Corporate Strategy
In order to understand the contemporary financial position and standing of the organization it is quite important to develop an understanding the marketing strategy that the organization has adhered to in different phases of its financial and market development. The chronological analysis of the marketing strategy that has been implemented by the organization in different developmental phases will prove helpful in this understanding.

Since the 1980s the marketing strategy that has been followed by the organization has been based upon the structuring and designing of an aggressive based corporate strategy. A key reason behind the formulation of such a strategy can be the rampant and unprecedented boom in the aviation sector that was taking place at that time.
It was the time when other competitors like TWA, Texas Air and Northwest were undergoing rapid expansion and consolidation processes and hence in comparison to this Delta Airlines seemed quite small in terms of its development. So intense was the level of competition being demonstrated that Delta Airlines announced to take over the Los-Angeles based Airline Company known as Jet America. The deal was finalized with a heavy disbursement of $18.7 million but was never able to materialize.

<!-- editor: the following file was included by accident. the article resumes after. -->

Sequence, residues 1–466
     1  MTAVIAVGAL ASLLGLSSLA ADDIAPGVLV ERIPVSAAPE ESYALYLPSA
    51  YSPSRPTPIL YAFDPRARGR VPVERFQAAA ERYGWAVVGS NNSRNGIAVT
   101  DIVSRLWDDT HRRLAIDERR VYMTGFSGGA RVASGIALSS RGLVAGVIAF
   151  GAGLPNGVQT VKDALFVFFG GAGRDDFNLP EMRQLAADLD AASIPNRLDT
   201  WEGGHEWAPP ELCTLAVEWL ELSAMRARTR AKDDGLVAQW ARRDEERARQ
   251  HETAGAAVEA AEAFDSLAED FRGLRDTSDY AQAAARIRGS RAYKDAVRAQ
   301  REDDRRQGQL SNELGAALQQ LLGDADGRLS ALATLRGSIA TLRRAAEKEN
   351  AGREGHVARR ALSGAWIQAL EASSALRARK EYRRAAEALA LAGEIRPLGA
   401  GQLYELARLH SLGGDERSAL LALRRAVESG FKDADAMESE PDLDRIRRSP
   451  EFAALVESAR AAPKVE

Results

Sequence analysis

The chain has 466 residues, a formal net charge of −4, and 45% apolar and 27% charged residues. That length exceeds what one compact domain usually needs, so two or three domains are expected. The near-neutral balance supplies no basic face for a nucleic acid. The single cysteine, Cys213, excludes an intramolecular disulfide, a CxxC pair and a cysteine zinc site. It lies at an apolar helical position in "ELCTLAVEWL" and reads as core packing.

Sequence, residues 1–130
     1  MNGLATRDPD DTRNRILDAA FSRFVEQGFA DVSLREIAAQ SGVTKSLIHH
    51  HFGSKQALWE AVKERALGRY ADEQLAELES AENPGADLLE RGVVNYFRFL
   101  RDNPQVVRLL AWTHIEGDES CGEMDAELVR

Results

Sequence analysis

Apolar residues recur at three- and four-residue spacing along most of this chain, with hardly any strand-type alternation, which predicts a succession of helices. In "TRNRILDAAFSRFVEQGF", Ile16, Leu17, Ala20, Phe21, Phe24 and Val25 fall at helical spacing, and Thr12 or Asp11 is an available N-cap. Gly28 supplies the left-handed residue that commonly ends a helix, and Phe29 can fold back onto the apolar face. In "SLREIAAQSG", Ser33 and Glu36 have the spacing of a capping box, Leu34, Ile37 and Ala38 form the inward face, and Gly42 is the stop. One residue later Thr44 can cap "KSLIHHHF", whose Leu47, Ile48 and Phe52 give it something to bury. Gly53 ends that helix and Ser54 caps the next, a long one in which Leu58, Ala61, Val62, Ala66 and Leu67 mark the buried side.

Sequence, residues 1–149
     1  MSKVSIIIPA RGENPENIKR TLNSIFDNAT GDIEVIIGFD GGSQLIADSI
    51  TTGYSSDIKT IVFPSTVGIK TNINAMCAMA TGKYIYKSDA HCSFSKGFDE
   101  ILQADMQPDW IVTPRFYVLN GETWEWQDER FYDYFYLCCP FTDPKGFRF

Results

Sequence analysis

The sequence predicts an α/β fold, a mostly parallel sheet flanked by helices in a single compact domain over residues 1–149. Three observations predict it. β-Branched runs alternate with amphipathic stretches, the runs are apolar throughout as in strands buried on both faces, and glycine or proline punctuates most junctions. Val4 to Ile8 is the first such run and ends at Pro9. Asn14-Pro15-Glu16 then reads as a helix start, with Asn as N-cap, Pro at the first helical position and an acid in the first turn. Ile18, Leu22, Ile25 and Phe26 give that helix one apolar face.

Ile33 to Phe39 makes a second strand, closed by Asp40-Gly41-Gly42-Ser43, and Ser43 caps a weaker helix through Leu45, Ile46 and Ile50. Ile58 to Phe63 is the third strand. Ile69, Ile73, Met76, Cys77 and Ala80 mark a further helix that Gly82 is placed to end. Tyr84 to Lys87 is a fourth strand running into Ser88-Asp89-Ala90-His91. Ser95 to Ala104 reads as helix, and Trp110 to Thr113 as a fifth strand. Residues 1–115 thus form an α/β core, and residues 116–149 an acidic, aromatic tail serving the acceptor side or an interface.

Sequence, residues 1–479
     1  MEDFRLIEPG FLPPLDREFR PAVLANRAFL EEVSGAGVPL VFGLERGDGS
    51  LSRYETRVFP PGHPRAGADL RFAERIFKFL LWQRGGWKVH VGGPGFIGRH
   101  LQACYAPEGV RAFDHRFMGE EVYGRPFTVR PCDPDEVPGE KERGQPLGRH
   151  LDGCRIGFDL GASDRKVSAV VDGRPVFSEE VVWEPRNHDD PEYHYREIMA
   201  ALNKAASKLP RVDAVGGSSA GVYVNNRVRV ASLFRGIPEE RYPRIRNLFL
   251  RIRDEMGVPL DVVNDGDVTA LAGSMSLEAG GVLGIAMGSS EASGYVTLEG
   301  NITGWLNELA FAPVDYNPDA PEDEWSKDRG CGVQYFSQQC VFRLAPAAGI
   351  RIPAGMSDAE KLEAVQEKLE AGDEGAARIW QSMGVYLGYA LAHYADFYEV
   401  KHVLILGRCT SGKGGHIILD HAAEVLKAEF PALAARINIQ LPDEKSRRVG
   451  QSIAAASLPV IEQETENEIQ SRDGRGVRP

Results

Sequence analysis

After the couple of years when in 1987 Ronald Allen took over the administrative functions of the organizations negotiated a $15 million deal with Walt Disney World to become the official airline of the entire organization. In the midst of establishing its leverage and increasing its market share among its competitors Delta took another aggressive approach in the year 1991 by signing a $1.7 billion of purchasing assets from Pan Am, however the entire so termed ‘conservative’ move by the company turned into a bitter experiment by the end of 1992 as continued surge in global oil prices and economic turbulence did not materialize the benefits that the company eyed in terms of extraction from this agreement. (Shetty, 2010)

Operational Strategy
In order to completely fulfill and satisfy the different criterions of the sales method Delta Airlines has launched a number of different marketing ventures and explored a couple of such frontiers through the help of which they can also boost or surge the revenues that they can extract.
The airline has long been associated with the reputation that it pays its employees with the most lucrative and juicy salaries and therefore in order to compensate for the expenses of the organization it charges more than other airlines from its customers. In order to restructure their policy and simultaneously counter and weather the recessionary effect of the economic turbulence the airline decided to launch Sky Bonus in collaboration with Skymiles.

           
 










References

Duane, Ireland (2008) “Understanding Business Strategy: Concepts and Cases” Cengage Learning
Doganis, Rigas (2006) “The airline business” Routledge
Hax, Arnaldo (2009) “The Delta Model: Reinventing Your Business Strategy” Springer
Formisano, Roger (2003) “Manager's guide to strategy” McGraw-Hill Professional
Shetty, Netra 2010 ‘Marketing Strategy of Delta Air Lines, Inc’ published on December 17th, 2010,








0 comments:

Post a Comment